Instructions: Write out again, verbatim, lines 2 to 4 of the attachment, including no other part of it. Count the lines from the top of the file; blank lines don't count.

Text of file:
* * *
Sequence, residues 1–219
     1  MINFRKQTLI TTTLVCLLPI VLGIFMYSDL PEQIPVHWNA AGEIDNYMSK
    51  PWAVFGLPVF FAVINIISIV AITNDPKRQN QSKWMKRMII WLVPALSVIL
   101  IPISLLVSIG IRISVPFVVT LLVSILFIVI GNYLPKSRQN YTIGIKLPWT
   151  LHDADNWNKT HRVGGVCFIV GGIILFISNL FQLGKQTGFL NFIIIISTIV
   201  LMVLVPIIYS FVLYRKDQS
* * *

     1  MINFRKQTLI TTTLVCLLPI VLGIFMYSDL PEQIPVHWNA AGEIDNYMSK
    51  PWAVFGLPVF FAVINIISIV AITNDPKRQN QSKWMKRMII WLVPALSVIL
   101  IPISLLVSIG IRISVPFVVT LLVSILFIVI GNYLPKSRQN YTIGIKLPWT